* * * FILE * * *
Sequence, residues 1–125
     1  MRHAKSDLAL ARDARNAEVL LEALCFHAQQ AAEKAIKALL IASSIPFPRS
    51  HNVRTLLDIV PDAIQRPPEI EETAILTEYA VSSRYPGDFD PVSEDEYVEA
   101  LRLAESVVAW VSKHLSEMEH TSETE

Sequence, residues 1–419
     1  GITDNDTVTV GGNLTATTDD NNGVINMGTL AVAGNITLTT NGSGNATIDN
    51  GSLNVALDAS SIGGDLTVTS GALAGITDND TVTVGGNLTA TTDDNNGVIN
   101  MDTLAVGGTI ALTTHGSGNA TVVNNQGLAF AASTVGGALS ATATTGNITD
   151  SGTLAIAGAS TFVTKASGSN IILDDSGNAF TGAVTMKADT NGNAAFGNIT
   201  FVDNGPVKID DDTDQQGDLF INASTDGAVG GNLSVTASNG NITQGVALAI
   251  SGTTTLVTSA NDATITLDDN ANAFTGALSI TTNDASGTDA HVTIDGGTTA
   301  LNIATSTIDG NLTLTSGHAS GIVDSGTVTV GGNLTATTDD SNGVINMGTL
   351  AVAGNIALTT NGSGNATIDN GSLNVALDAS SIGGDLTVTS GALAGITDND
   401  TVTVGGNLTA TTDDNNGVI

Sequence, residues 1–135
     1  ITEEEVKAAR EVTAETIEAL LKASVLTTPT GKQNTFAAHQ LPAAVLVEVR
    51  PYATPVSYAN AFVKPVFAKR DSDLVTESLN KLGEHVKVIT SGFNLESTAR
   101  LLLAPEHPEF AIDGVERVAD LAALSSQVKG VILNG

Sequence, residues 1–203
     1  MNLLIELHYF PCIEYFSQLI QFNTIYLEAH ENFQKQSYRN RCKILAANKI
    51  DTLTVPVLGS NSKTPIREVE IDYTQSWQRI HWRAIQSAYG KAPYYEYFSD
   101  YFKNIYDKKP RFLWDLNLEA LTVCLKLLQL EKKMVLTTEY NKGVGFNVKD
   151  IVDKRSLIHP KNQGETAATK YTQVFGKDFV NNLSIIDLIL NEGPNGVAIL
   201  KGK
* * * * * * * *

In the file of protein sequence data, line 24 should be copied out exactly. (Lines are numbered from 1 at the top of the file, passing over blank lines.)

   201  KGK